For ten weeks starting on February 25 we are happy to join UNESCO’s #TeacherTuesday campaign. Leading global education voices will shine the light on inspirational teachers around the world along with UNESCO. The first honored teacher will be Esnart, a teacher from Malawi. UNESCO has created an entire map of the honored teachers (below) and the dates on which they will be featured on our … Continue reading Celebrating Teachers Around the World With UNESCO #TeacherTuesday
According to the United Nations, enrollment in primary education in developing regions reached 90 per cent in 2010, up from 82 per cent in 1999. Even with the great improvements in universal primary education there are still 57 million children around the world who do not go to school. This infographic from UNESCO shows how conflicts in countries affect children’s education. You can help send … Continue reading Featured Infographic of the Week: Children Still Battling to Go to School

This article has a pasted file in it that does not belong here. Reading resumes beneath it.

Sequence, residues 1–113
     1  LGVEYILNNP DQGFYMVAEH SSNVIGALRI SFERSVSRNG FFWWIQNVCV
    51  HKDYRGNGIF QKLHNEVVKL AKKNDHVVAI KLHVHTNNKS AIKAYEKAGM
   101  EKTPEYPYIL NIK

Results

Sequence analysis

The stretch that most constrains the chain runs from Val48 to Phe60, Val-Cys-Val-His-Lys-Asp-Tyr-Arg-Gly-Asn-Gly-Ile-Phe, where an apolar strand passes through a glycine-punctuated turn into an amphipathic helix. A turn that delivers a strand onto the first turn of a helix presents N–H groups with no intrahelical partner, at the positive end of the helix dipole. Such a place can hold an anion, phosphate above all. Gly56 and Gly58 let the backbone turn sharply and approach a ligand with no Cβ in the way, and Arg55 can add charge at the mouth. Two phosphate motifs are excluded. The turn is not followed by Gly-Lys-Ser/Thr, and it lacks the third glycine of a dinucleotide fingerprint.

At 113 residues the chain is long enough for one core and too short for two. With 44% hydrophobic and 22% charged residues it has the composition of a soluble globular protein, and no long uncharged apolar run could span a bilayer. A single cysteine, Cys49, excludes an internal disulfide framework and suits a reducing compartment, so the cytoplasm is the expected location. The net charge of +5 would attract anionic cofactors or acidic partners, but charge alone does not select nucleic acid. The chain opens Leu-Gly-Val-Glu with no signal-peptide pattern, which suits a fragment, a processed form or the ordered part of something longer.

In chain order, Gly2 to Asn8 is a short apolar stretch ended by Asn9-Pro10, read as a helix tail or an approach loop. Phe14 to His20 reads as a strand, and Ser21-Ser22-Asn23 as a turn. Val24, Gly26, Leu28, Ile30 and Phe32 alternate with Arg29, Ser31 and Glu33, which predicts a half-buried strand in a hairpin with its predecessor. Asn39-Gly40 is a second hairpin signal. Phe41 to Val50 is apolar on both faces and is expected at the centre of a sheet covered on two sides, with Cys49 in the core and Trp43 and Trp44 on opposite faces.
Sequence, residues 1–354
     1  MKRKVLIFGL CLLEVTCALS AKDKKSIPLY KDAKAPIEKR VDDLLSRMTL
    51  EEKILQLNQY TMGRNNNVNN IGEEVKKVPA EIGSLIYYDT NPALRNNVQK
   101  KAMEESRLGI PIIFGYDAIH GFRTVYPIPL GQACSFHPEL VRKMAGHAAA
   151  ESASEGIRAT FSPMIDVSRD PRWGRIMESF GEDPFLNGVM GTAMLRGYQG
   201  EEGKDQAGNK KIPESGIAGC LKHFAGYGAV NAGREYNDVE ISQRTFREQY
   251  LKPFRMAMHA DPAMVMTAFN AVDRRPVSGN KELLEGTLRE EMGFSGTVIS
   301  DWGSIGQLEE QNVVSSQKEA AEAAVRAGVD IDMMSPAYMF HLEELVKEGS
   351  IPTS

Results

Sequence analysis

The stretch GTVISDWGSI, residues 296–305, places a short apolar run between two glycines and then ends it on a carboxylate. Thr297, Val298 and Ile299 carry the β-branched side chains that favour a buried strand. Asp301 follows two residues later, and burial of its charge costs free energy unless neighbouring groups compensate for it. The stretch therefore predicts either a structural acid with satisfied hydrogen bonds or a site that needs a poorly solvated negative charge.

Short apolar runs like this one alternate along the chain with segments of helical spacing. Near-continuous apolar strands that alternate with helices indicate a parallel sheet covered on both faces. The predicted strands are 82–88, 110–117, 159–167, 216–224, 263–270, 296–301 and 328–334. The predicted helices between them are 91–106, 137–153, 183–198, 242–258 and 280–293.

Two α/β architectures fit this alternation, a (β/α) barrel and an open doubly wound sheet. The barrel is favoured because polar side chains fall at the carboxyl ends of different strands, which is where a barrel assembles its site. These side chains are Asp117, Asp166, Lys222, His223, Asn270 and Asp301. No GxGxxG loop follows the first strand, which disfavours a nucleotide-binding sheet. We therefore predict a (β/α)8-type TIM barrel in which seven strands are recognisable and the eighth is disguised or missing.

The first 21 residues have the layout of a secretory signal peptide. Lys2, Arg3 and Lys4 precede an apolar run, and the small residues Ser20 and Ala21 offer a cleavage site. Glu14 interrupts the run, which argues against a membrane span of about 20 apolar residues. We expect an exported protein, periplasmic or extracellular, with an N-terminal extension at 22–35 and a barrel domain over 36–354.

When children who live in poor countries think about being educated there are many hurdles they face first before stepping foot in the classroom from the sheer proximity to a school to school fees to the cost of a uniform. It adds up quickly and means that many children remain uneducated in developing countries because of their family’s lack of financial resources. Everyone has a basic right … Continue reading The Rising Educational Obstacles for sub-Saharan Children
Even though it’s summer vacation for most kids across the country the new school season will roll around before we know it. That means millions of schoolchildren will attend their first day of school without the school supplies they need to excel. One Chicago-based company has devised a creative way to change that scenario for schoolkids in Northwest Indiana and Chicagoland. 3CWear, a for profit … Continue reading A Creative Way to Donate Much-Needed School Supplies
Much of yesterday’s Women Deliver 2013 conversation centered around education for girls. Without at least a primary education girls in poor and middle income countries cannot properly contribute to their country’s economy nor to their household. Girls who are fortunate to prolong marriage are able to attend school longer than if they are married away by their family. Being married off instead of staying in school … Continue reading The Importance of Education for Girls